Is Your People Pillar Structurally Sound?

Challenges in Balancing People, Process and Technology – Part 1:

There must be a critical flaw in the implementation of People, Process and Technology. If not, why are there so many projects that fail or fall short of objectives? Projects are more expensive, the rate of failure is concerning, and the timeliness of delivery is generally unacceptable. Is this why the perception of IT is so negative these days? Perhaps the problem is isolated to just one of these pillars, or maybe it persists across all three. Or possibly, the problem lies in the balance within and between these Pillars.

Regardless, it bothers me to think that despite the numerous advances in all three areas, it still pains organizations to work on projects due to the unnecessarily high cost, riskiness, or slow time-to-market. I believe the topic warrants a closer look, starting with the People Pillar.

[ Full Story – LinkedIn.com – William Gardner, Jan 2015]

BI Today: Who is enabled?

Recently, I posted my theory that current Business Intelligence (BI) solutions are lacking a key element: enablement of business users to fully address BI and the data management stack. (Click here for article).

While there is always a need to focus on the elements of People, Process, and Technology to address the current woes in IT tools and solutions, I think our attention today should focus on the Do-It-Yourself (DIY) behavioral model that has propelled Microsoft Excel and Google Sheets to mass appeal – a group of users that need “enablement tools.”

But what does this really mean and how do we achieve it? Rather than posit theories and definitions, I’d like to share a personal example.

 

[ Full Story – LinkedIn.com – William Gardner, Jan 2015 ]

Contradictions in BI?

Over the past few weeks I have read several posts and Tweets covering a number of ideas regarding business intelligence (BI), many of which seemed to contradict each other. For example, one article claimed BI will solve business challenges simply by installing a BI tool on top of data, while another claimed BI solutions require a new process and skilled people to analyze and interpret the data regardless of BI tool. A third article claimed the ability to automate the generation of analytical information via BI tools, while a fourth identified various challenges in managing the quality of the input data and relationships thus making automation impossible. To complicate this further, additional articles challenged the use of Excel as a BI tool while others defended it.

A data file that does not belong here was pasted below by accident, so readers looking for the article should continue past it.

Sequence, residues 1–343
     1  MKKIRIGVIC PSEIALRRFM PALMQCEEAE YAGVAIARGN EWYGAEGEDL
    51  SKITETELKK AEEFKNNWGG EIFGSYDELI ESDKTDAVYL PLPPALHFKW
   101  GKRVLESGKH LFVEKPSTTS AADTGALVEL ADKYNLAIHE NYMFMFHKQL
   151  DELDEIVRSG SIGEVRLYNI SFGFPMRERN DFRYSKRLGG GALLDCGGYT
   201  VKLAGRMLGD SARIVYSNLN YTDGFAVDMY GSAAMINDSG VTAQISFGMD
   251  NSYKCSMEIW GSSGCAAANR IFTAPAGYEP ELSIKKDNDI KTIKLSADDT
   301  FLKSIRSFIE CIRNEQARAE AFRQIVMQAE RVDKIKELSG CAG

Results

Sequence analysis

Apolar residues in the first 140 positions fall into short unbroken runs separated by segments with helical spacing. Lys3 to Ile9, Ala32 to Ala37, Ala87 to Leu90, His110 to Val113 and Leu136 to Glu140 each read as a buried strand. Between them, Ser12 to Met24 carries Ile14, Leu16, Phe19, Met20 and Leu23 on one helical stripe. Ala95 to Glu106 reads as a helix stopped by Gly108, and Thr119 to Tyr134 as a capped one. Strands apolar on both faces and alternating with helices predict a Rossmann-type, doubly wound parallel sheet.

[ Full Story – Linkedin.com – by William Gardner – January 7, 2014 ]

Who Owns Big Data?

Aggregate data and decision making are being hoarded by a few technology companies with powerful data infrastructure. Does it have to be this way? Or could we create a future in which this data infrastructure is available for use by anyone in the world?

Since the early days of modern computing, science-fiction authors and other visionaries have been fantasizing about a database that could contain all of the world’s knowledge. This idea is now moving out of the realm of fantasy. A small number of technology companies are engaged in serious efforts to build databases that really will contain much of human knowledge. Facebook, for example, has mapped out the social connections among more than a billion people, and Google aspires to digitize all the books in the world.

It has become profitable to build a database containing the entire world’s knowledge. The few for-profit companies that own the data and the tools to mine it – the data infrastructure – possess great power to understand and predict the world. But could we create a similarly powerful public data infrastructure, a Big Data for the masses, that anyone in the world could access?

[ Full Story – MIT Technology Review – By Michael Nielsen – January 5, 2015 ]

Big Data Knows When You’re Going to Quit Your Job Before You Do

Good bosses have an uncanny ability to sense when employees are unhappy and work with them to fix problems in the office before it’s too late. At VMware in Silicon Valley, they let the machines figure it out.

VMware has been testing a new prediction technology from Workday, which makes software for human resources departments. The system delivers notifications about when employees might be getting ready to quit, and allows managers to intervene before it’s too late. It looks for trends within employee activity, when promotions were last handed out, regional factors, changes in the industry and other data to make its predictions. The recommendations can improve over time as employers train the system.

[ Full Story – by Jack Clark: Bloomberg.com – December 30, 2014 ]